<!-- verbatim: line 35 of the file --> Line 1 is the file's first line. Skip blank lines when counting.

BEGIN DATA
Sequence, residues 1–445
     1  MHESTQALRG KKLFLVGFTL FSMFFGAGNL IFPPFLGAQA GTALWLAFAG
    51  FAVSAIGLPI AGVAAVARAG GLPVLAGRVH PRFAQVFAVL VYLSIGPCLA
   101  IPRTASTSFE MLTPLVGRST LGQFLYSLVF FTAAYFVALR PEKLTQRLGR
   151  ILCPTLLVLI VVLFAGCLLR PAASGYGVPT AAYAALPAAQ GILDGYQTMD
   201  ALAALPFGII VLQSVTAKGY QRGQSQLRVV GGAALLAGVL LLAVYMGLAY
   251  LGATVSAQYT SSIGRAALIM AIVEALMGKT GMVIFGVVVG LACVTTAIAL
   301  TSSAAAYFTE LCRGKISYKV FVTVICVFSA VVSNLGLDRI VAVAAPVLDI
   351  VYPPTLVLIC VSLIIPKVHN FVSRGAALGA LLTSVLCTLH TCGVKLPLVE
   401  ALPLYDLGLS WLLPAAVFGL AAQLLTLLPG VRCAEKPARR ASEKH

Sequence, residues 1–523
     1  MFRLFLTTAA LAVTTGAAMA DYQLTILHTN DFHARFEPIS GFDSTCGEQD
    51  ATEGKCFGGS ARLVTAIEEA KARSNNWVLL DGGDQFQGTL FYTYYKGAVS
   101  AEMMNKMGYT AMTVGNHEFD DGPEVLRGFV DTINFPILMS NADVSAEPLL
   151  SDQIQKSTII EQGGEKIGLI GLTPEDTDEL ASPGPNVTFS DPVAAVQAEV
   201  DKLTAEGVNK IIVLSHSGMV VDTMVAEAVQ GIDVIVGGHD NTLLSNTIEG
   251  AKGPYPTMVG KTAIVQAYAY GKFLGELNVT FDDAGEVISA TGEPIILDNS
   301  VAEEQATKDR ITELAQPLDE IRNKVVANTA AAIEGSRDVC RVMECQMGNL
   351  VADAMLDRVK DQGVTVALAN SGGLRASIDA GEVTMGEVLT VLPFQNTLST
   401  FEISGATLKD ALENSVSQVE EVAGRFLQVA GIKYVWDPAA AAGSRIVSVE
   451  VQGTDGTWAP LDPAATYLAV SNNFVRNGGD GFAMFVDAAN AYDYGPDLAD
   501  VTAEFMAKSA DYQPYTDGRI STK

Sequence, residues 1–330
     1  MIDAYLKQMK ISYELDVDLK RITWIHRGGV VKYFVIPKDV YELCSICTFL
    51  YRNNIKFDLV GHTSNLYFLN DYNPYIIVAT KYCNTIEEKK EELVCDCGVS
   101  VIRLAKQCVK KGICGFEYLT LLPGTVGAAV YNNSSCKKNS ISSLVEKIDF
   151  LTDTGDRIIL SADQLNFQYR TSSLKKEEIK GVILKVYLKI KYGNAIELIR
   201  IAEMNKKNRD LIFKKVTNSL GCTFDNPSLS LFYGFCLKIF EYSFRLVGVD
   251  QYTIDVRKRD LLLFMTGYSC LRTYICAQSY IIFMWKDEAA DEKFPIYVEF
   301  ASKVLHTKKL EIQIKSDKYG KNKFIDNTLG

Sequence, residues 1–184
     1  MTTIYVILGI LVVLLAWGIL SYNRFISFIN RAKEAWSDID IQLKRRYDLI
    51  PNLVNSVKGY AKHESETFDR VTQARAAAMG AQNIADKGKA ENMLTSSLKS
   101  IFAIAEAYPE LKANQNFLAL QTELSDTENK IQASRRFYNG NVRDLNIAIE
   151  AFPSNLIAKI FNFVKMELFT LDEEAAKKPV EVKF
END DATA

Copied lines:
   151  AFPSNLIAKI FNFVKMELFT LDEEAAKKPV EVKF